EGNSS usage as enabling technology

GNSS represents an essential technology as it allows to realise more efficient and reliable operations. To clarify this concept, it is noteworthy that Search and Rescue activities request

Efficiency (Speed of handling operations), as few minutes in these dramatic emergency situations may represent the difference between life and death for localised survivors.
Reliability, as contingent platform outages may cause the mission failure
Operations Continuity, where missions may last even several hours starting from ship departure to arrival at the harbour.

Moreover, the RPAS has to operate in a Dynamic environment; flying tethered to a ship moving (with a velocity of several m/s) over the sea and having position and attitude quickly and unpredictably varying over time.
Having in mind the above considerations, now it is evident the importance of the accurate evaluation about the baseline between the RPAS and the hangar that are linked by means of an extensible (not fixed) cable. During current experimental activities (documented in section 1.3.1) we’re experiencing as having the possibility to monitor the baseline can provide a significant improvement with clear impact in reliability (it avoids excessive mechanical stress to extensible cable) and efficiency of operations (above all during cable deployment and winding).

Moreover, RPAS semi-automatic take-off and landing are critical phase too as performed on board a ship, which is moving. More importantly, the landing area is narrow on a ship, and interference related to the maritime environment due to wind disturbance and wave motions varies greatly, making maritime RPAS landings quite difficult. In order to land RPAS in such a rapidly changing environment requires a high-precision navigation system on-board RPAS.

According the Joint Precision Approach and Landing System (JPALS), the requirements of shipboard landing include vertical accuracy on the order of 0.3 meters, and the requirement for the vertical protection level is 1.1 meters. To meet these accuracy requirements, the consortium is looking to investigate the use of RTK. This focus is particularly interesting as the claimed performances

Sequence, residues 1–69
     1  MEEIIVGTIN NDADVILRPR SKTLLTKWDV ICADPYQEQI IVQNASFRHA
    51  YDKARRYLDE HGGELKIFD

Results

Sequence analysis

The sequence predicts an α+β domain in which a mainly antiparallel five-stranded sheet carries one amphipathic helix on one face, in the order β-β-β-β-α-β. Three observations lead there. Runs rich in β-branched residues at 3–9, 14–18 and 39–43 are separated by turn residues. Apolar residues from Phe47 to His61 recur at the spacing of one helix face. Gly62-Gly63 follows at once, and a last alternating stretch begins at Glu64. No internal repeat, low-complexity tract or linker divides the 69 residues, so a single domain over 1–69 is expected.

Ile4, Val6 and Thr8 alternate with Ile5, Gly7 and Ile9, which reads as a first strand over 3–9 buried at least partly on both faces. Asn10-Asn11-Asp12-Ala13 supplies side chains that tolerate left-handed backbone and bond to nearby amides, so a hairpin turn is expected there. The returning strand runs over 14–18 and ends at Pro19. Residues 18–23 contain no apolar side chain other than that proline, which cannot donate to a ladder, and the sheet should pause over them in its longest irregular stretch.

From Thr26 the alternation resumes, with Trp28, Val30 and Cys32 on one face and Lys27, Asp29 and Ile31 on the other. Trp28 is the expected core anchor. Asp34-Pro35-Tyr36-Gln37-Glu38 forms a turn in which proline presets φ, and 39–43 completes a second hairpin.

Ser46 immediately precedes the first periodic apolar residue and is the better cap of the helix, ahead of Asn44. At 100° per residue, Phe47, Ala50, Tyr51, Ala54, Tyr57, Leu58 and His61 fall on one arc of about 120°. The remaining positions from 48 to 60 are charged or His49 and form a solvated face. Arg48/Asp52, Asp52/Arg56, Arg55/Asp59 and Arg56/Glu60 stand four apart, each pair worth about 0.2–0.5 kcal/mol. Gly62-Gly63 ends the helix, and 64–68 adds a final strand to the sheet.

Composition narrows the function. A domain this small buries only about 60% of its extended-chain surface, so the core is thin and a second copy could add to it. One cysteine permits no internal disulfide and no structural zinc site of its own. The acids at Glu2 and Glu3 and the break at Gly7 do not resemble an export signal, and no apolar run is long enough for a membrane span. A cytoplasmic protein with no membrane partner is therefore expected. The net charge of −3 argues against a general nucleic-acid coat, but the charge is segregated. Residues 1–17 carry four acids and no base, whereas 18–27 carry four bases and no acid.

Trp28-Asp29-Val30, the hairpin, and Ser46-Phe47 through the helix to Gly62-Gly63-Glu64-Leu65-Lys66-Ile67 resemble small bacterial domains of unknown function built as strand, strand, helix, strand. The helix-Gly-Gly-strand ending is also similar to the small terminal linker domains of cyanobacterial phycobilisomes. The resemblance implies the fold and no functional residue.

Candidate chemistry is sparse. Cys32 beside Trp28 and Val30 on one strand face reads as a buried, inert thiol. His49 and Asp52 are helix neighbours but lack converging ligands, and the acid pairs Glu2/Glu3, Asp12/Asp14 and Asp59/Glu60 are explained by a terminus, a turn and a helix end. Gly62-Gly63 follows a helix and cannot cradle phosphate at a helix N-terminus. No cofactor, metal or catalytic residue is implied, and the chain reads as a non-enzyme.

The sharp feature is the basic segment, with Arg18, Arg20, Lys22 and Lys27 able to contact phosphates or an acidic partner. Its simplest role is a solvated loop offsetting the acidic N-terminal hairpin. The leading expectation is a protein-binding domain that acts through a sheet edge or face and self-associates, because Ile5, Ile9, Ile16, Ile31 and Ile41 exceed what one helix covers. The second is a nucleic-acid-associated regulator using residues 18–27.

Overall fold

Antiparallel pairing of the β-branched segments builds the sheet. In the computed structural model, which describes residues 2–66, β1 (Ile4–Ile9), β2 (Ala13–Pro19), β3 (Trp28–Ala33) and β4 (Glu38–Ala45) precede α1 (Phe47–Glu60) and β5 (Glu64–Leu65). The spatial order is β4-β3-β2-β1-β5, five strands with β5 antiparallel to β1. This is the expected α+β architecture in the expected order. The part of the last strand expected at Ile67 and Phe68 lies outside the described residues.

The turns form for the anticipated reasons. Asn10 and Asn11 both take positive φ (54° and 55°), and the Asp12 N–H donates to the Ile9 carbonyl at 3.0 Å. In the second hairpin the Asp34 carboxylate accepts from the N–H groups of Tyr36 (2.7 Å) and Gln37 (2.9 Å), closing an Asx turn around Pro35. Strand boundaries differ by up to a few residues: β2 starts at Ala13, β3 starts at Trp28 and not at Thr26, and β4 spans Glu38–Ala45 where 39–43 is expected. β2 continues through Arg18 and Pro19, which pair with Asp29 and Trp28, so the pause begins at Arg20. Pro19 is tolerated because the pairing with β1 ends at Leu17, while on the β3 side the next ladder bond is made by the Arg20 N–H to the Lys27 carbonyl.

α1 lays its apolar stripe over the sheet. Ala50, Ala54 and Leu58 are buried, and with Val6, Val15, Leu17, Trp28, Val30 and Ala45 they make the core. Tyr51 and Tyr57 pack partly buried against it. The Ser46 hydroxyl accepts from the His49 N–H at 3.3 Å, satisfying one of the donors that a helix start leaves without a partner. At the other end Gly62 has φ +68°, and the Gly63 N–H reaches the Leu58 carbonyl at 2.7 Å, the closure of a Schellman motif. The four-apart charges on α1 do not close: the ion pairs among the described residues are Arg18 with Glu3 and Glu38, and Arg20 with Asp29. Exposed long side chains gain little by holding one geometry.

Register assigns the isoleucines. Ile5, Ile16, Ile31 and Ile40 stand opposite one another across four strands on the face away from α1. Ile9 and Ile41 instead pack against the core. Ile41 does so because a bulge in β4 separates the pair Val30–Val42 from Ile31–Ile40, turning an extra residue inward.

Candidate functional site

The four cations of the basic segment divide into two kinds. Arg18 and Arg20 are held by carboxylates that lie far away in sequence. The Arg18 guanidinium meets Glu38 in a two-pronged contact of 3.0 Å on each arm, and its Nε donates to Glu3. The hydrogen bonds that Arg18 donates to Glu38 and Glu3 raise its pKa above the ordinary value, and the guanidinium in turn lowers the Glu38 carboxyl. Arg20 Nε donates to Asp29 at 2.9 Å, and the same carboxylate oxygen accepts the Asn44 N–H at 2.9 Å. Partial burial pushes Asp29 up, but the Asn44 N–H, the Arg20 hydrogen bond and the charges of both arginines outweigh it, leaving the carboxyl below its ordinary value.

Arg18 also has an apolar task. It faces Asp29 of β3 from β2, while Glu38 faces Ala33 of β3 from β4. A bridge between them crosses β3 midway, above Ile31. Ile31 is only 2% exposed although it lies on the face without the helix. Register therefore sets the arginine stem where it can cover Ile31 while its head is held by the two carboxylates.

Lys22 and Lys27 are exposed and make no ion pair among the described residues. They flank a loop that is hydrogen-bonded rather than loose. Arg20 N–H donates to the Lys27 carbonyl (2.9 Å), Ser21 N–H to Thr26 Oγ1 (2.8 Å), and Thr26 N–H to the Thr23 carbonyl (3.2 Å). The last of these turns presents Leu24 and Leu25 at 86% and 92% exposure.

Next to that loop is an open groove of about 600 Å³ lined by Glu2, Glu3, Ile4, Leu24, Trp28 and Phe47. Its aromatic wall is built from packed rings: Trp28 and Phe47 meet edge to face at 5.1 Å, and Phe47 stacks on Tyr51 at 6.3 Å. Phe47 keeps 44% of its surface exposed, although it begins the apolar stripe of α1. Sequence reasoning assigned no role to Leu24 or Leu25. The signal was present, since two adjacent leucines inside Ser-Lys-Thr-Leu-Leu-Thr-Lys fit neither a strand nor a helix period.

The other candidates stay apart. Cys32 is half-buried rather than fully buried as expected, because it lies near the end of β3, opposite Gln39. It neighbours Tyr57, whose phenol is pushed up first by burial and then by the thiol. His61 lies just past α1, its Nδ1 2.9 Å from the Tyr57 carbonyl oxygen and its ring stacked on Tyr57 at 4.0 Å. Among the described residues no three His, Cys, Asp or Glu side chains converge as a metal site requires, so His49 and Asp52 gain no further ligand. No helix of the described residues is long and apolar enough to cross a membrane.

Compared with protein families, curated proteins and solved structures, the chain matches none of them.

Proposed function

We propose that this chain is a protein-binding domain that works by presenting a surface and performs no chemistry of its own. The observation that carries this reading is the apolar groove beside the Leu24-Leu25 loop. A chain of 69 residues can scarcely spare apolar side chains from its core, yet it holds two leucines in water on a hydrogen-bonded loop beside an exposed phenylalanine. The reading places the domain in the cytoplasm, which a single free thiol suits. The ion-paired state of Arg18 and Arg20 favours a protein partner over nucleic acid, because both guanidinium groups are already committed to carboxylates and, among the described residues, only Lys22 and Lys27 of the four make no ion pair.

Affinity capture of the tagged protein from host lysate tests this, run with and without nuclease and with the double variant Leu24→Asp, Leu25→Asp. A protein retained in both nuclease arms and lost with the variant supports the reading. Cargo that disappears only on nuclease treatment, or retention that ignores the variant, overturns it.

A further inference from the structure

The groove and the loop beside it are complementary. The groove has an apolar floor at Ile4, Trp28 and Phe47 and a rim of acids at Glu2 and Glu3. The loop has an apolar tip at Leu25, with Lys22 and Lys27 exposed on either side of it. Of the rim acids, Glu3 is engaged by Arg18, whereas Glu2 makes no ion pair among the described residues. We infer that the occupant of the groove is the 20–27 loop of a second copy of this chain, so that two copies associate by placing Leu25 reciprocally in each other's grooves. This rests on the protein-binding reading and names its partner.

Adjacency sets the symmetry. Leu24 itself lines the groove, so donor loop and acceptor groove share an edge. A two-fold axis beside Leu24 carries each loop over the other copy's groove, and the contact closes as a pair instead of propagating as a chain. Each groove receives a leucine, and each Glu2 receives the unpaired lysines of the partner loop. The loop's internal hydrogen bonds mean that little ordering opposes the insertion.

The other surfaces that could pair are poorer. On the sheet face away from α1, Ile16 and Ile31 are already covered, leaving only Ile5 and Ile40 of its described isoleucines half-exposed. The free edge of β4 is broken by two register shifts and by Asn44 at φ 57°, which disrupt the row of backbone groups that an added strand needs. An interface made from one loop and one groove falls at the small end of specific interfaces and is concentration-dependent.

have to be reached in a dynamic environment such that it involves moving base RTK that makes it very challenging to meet high positioning accuracy requirements. In this framework, the SARA project will be an important occasion to verify these techniques and to confirm results that are preliminary documented in existing literature.

Considering the aforementioned challenges, the EGNSS technology represents an essential asset and it is noteworthy that EGNSS receivers installed on board the RPAS may also allow to better evaluate the attitude and in particular the azimuth which is important to detect the survivors position with reference to the ship location.

What is EGNSS, Galileo and EGNOS?

  • EGNSS is the European Global Navigation Satellite System and includes both Galileo and EGNOS.
  • Galileo is the European Global Navigation Satellite Constellation.
  • The European Geostationary Navigation Overlay Service (EGNOS) is Europe’s regional satellite-based augmentation system (SBAS) that is used to improve the performance of GNSSs, such as GPS and Galileo.
  • More information on Galileo and EGNOS can be found on gsa.europa.eu

This project has received funding from the European GNSS Agency (grant agreement No 776099),
under the European Union’s Horizon 2020 research and innovation programme GALILEO-3-2017.